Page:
Disaster Housing Recovery Updates – September 13, 2021

NLIHC Updates

Take Action! Sign your organization on to a letter supporting the bipartisan “Reforming Disaster Recovery Act” to ensure every disaster survivor receives the assistance they need to recover fully. If enacted, the legislation would permanently authorize the Community Development Block Grant-Disaster Recovery (CDBG-DR) program, which provides states, tribes, and communities with flexible, long-term recovery resources needed to rebuild affordable housing and infrastructure after a disaster. The bill would also provide important tools and safeguards to ensure that federal disaster recovery efforts reach all impacted households, including the lowest-income and most marginalized survivors who are often hardest hit by disasters and have the fewest resources to recover. Read NLIHC’s fact sheet on the Reforming Disaster Recovery Act. Add your organization to a growing list of groups supporting this important bill!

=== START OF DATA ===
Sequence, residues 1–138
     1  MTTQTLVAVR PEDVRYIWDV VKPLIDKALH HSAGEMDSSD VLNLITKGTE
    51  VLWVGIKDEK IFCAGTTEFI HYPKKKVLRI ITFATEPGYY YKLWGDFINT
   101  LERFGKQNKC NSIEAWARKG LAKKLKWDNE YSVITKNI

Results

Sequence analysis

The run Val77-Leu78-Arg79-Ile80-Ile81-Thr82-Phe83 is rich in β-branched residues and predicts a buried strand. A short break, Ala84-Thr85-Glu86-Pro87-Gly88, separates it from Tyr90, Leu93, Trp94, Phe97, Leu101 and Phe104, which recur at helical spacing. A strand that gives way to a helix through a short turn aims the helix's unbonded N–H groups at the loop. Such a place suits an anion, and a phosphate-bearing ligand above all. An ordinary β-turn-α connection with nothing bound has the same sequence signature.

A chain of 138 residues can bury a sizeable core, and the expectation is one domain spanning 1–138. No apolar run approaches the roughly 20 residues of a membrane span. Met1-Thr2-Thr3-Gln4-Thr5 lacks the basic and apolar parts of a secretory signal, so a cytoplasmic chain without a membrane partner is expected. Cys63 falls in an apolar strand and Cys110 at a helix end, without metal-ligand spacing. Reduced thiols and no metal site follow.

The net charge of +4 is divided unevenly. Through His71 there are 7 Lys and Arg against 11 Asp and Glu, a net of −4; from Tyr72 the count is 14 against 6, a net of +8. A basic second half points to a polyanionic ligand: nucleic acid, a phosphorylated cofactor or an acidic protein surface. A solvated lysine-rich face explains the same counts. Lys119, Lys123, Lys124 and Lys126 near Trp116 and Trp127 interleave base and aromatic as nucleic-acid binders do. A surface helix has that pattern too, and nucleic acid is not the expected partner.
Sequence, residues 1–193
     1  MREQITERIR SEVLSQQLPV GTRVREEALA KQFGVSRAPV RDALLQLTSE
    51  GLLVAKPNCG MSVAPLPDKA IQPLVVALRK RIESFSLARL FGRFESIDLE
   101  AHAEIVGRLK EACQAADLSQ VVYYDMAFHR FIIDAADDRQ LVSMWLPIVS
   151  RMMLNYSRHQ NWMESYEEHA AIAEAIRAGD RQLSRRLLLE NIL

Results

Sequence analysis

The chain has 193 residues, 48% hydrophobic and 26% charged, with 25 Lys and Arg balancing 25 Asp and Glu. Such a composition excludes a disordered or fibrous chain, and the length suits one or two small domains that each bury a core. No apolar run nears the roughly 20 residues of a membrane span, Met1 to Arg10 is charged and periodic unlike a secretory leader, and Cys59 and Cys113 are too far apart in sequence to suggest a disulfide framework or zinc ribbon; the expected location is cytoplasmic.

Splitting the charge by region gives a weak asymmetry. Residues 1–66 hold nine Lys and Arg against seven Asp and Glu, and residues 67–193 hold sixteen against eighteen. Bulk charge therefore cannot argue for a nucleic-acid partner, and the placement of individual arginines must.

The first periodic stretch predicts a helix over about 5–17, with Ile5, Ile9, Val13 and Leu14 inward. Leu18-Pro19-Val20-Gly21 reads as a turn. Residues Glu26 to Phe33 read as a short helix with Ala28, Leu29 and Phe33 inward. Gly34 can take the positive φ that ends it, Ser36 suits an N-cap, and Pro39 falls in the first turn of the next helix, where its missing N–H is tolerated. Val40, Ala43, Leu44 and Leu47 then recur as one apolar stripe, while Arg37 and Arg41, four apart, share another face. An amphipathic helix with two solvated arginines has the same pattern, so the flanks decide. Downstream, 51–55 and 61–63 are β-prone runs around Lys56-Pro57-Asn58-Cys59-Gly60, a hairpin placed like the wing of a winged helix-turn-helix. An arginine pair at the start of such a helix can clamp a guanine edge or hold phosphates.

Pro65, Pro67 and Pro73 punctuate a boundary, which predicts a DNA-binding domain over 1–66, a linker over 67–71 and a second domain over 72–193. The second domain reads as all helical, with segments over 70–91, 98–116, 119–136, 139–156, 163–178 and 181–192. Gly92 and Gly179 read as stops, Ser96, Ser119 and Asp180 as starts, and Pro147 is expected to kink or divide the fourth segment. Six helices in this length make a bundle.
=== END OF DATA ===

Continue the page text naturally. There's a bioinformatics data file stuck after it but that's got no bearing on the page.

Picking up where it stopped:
Learn more about NLIHC’s Disaster Housing Recovery Coalition (DHRC) policy recommendations here. 

National Updates

Biden Administration

The White House Office of Management and Budget (OMB) on September 7 sent Congress an urgent spending request asking for $14 billion in aid to respond to recent and ongoing natural disasters, including the wildfires in the West and multiple hurricanes, including Ida, Laura, and Delta. As part of the request, OMB Director Shalanda Young called for Congress to appropriate funding as part of a short-term continuing resolution to address the disasters that occurred before Hurricane Ida. The White House expects that Hurricane Ida will significantly increase the need for further disaster response funding by at least $10 billion. Senate Majority Leader Chuck Schumer (D-NY) in a statement referred to the administration’s request as “just what is needed to help hard hit communities all across the country” and pledged to work with Republicans to enact this emergency relief by the end of September.